Young European Scientists Draw Up Agenda for Change

The present and future situation of young scientists in Europe and strategies for involving the younger generation of scientists in the design of European science policy were the topics of discussion at the second International Forum of Young Scientists. Held in Gdansk, Poland, between 7 and 9 October, it brought together 54 young scientists from 22 countries, a high percentage of them from Eastern Europe. The first international forum was held in Budapest in 1999 as a satellite of the United Nations Educational, Scientific, and Cultural Organization-International Council for Science (UNESCO-ICSU) World Conference on Science, and this follow-up meeting was organized jointly by UNESCO and the Marie Curie Fellowship Association (MCFA). Various organizations active in science policy were also represented, including the European Association of Research Managers and Administrators, the European Science Foundation , Euroscience, the Institute for Employment Studies in Brighton, U.K., and Prospective 2100 in France.

A recurring theme of the formal and informal discussions was the sheer unattractiveness of research careers. Future R&D is under threat unless Europe can keep its young scientists by creating a more employment-friendly environment. Funding must be found to close the widening gap between research budgets as a percentage of gross domestic product in European countries and in the United States. And young scientists should be able to achieve autonomy at an earlier stage of their careers to take advantage of their creativity and productivity.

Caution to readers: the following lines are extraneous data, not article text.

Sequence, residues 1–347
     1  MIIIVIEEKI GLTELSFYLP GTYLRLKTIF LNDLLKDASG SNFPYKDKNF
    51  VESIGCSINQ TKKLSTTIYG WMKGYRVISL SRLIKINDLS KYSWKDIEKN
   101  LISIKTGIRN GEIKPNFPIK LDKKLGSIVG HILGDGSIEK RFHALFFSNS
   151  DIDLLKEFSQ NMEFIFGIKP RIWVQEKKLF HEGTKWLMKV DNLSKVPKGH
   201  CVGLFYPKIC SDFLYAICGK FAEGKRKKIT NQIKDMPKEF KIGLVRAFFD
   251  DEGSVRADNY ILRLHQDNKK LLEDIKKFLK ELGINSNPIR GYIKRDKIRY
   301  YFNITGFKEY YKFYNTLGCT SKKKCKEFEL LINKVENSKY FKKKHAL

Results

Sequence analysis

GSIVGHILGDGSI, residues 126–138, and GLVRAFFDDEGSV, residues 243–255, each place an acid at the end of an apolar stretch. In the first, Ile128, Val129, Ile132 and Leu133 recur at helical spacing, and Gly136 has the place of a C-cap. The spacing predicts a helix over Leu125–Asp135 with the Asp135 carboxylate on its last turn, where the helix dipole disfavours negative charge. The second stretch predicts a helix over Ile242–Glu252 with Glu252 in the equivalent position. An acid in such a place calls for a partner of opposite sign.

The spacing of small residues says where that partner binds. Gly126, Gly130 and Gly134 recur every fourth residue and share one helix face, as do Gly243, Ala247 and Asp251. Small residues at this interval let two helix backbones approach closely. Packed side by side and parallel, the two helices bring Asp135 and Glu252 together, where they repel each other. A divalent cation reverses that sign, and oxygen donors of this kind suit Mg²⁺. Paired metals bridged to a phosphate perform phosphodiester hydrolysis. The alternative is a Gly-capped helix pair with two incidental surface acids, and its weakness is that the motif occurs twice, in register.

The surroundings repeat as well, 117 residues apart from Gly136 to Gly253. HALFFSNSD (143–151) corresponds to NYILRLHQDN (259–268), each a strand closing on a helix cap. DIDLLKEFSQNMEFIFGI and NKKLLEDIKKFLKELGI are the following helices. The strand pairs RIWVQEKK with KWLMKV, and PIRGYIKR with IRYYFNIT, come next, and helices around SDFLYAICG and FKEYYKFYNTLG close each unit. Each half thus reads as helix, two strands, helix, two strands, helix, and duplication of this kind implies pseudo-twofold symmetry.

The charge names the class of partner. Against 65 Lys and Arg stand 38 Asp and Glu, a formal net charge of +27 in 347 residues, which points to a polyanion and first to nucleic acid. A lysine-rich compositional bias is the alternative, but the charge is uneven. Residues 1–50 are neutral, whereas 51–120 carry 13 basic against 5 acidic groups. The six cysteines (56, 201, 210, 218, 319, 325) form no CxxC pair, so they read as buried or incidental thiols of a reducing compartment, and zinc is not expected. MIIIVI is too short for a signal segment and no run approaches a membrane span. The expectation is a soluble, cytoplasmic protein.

The Conference's Action Points

  • Give scientists more independence earlier in their careers.

  • Remove administrative and statutory barriers that make transnational careers very difficult.

  • Institute "return grants" to avoid possible problems with brain drain.

  • Define a European postdoctoral status to allow employment of mobile postdocs in countries where currently rigid national systems prevent this.

  • Give better support to scientists from Eastern Europe and improve harmonization between East and West.

  • Defend intellectual property rights more effectively.

  • Encourage wider skills training in postgraduate degrees.

  • Implement mechanisms for young scientists to participate in policy-making.

Another much-aired theme was the great diversity in the European labor market. There is significant unemployment in some areas, but there are major skills shortages in others. Despite encouragement through E.U. programs, mobility is limited. It is driven mainly by job seekers rather than by industry, except for positions at the highest level. Greater dissemination of information about jobs and opportunities and about the range of skills and qualifications available in Europe could enhance communication between employers and all their potential employees.

Scientists need to be aware that the diversity of the job market means that they cannot always expect to find jobs based on their scientific excellence alone and that they should be alert to the possibilities of lifelong learning. Although knowledge is important in a job market that is experiencing a shift from low- to more high-skill jobs, scientific excellence has to be complemented by personal, business, and information technology skills. This requires individuals to take responsibility for their career development, but it also demands willingness on the part of universities to train students in the skills required for industry and research, such as teamwork, leadership, and project management. As the ability to draw on more than one discipline becomes increasingly valuable, the training offered by universities should reflect this shift.